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Time inconsistency of monetary policy: Empirical evidence from polls

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While the basic model of time inconsistency, put forward by Barro and Gordon (Barro, R. J., & Gordon, D. B. (1983). Journal of Political Economy, 91, 589–610) is widely accepted now, several authors have expressed serious doubts about the empirical relevance of the model in explaining inflation. Interestingly enough, few attempts have been made so far to test for the existence of inflationary biases empirically. Theory predicts a positive correlation between a monetary authority's relative preference for the high employment goal and inflation. Using polling data from six countries as a proxy for public preferences we provide empirical evidence in favor of the Barro-Gordon-model.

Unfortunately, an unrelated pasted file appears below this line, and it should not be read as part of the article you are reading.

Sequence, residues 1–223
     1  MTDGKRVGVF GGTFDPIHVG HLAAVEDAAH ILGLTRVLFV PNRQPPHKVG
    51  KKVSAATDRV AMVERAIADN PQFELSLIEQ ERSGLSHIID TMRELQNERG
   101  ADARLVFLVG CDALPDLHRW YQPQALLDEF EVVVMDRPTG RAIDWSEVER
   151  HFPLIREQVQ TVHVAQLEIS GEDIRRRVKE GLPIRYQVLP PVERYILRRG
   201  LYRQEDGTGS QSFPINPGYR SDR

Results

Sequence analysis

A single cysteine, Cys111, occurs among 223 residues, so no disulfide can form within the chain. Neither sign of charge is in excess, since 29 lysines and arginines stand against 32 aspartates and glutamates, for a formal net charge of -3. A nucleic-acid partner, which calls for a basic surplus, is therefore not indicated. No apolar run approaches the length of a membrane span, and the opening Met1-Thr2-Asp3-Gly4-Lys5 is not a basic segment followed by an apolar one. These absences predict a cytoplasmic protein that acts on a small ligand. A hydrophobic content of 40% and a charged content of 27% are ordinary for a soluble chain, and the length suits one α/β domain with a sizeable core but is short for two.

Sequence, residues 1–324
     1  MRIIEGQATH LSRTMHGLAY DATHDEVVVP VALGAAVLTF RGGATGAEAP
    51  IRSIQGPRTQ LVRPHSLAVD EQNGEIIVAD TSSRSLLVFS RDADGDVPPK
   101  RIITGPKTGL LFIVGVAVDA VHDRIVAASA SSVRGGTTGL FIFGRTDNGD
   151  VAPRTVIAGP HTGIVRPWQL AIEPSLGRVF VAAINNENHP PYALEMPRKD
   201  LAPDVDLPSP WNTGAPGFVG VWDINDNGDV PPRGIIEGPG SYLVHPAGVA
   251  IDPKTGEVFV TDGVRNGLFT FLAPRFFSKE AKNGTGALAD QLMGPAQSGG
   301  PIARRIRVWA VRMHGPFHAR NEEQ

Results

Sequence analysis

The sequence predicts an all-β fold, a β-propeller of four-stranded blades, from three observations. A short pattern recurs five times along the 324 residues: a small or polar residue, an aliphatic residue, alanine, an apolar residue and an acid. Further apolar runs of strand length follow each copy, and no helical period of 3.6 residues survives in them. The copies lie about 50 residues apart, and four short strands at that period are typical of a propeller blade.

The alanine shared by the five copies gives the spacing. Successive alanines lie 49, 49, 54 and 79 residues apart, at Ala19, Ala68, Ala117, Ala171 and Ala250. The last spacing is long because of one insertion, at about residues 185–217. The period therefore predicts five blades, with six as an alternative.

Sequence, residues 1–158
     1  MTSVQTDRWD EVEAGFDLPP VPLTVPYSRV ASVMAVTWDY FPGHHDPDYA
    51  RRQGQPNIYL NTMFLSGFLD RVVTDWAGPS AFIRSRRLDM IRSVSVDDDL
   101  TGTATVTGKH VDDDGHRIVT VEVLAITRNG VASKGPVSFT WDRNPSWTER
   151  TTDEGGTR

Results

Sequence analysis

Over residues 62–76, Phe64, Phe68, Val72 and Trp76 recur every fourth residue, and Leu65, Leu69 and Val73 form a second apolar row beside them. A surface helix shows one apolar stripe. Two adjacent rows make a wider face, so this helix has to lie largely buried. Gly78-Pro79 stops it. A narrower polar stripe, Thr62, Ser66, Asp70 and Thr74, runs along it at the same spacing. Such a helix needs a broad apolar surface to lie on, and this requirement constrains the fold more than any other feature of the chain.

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Correspondence to Michael Berlemann.

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Berlemann, M. Time inconsistency of monetary policy: Empirical evidence from polls. Public Choice 125, 1–15 (2005). https://doi.org/10.1007/s11127-005-3324-8

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  • Empirical Evidence
  • Political Economy
  • Monetary Policy
  • Public Finance
  • Relative Preference